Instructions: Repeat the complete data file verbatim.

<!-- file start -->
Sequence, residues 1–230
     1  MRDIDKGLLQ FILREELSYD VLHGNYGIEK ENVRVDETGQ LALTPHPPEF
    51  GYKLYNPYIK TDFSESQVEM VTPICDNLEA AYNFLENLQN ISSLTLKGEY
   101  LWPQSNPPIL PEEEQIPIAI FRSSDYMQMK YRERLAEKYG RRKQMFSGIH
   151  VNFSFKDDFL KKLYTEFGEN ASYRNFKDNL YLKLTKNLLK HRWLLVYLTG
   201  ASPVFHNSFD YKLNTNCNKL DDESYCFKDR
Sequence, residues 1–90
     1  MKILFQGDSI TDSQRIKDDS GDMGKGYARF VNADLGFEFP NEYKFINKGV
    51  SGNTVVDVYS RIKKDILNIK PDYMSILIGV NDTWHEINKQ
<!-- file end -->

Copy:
Sequence, residues 1–230
     1  MRDIDKGLLQ FILREELSYD VLHGNYGIEK ENVRVDETGQ LALTPHPPEF
    51  GYKLYNPYIK TDFSESQVEM VTPICDNLEA AYNFLENLQN ISSLTLKGEY
   101  LWPQSNPPIL PEEEQIPIAI FRSSDYMQMK YRERLAEKYG RRKQMFSGIH
   151  VNFSFKDDFL KKLYTEFGEN ASYRNFKDNL YLKLTKNLLK HRWLLVYLTG
   201  ASPVFHNSFD YKLNTNCNKL DDESYCFKDR
Sequence, residues 1–90
     1  MKILFQGDSI TDSQRIKDDS GDMGKGYARF VNADLGFEFP NEYKFINKGV
    51  SGNTVVDVYS RIKKDILNIK PDYMSILIGV NDTWHEINKQ